Backhoe backdrop: Statehouse fight

    The Adams County Solid Waste Management District's board of directors on Monday directed its attorney to negotiate and execute an inter-local agreement with the county commissioners that ultimately would lead to the waste district's purchase of a new backhoe. That piece of equipment, in turn, would be shared with the county surveyor's office if the legal details can be worked out.
    Solid waste director Hank Mayer said it was recently brought to his attention that state law currently prohibits the county surveyor's office from purchasing or owning equipment. Mayer said conversations with County Surveyor Paul Norr had revealed that the backhoe currently used by Norr's office, and owned by the county commissioners, is badly in need of repair or replacement.
    The surveyor's office uses the equipment primarily to maintain ditches throughout the county.
    Mayer recommended a two-pronged solution that he said not only would provide a new backhoe for the surveyor's office, but could also prove beneficial to the solid waste district in the long run.
    The backdrop for Mayer's generosity is an ongoing battle at the Indiana Statehouse between legislators and solid waste district officials statewide. Lawmakers will meet in a summer study session, Mayer said, to continue a debate over the future taxing ability of solid waste districts. Some lawmakers, he said, would like to strip waste districts of their ability to use tax receipts for day-to-day solid waste operations.
    "The General Assembly is looking at the money solid waste districts have, and I think the end game is to take that money and give it to the Indiana Department of Environmental Management to disperse as they see fit," Mayer said. "So I think it would be wise for us to lower our cash reserve balance" in anticipation of financial scrutiny from lawmakers.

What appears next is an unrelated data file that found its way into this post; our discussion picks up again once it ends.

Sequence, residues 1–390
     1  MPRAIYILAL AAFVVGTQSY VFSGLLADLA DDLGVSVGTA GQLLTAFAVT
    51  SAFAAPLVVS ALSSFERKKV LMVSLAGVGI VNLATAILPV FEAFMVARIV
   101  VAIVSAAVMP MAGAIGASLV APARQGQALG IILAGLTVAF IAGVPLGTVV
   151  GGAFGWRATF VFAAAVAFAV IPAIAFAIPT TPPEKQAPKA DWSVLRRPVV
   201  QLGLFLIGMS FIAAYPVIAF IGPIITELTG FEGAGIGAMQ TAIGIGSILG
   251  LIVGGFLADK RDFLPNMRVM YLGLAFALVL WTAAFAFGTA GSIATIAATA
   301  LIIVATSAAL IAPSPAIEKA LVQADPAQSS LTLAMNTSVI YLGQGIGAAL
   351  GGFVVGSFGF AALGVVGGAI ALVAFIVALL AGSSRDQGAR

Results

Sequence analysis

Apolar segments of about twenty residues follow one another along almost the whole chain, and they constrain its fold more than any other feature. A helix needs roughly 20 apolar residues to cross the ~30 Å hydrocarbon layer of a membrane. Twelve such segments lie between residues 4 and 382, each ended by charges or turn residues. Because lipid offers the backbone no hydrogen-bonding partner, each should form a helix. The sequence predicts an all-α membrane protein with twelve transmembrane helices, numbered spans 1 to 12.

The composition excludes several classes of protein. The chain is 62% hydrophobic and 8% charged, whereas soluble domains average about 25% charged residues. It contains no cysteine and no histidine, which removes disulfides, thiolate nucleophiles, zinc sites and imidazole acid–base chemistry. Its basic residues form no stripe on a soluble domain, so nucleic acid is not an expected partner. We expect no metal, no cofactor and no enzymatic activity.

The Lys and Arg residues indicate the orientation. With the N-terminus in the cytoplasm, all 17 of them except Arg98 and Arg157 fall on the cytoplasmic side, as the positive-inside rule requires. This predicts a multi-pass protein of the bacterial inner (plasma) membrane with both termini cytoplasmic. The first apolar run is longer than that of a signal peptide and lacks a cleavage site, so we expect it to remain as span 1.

Tim Baker, the solid waste district's legal counsel, said local waste officials had been told by the state for years to maintain cash reserves equal to approximately 50 percent of the district's annual operating budget. But those requirements have been loosened in recent years, Baker said, with the district now required to maintain a much lower cash reserve balance.
    Mayer recommended the transfer of $51,000 now in the solid waste district's cash reserve into a non-reverting fund set aside for future costs at the district's two closed landfills. He also urged the solid waste board to further reduce its cash reserve through the purchase a new backhoe. Mayer said solid waste employees would get some considerable use from the equipment, adding that Norr's office would be responsible for all maintenance on the equipment.
    "I think this is a way local governments can work together and benefit each other," Mayer said. "If we were to do this, we would still have a healthy cash balance in reserve, in my opinion."
    Mayer got support from solid waste board members for his proposal. "I think it's a wise use of the taxpayers' money," said DuWayne Herman, who represents the Adams County Council on the waste board. Berne Mayor Bill McKean called the proposal "a win-win for the county."
    Baker, however, urged some restrain in reducing cash the district currently has on hand.
    "This doesn't mean we should let our cash balance drop too low," Baker said. "Any future problems at our closed landfills could potentially be expensive for the district."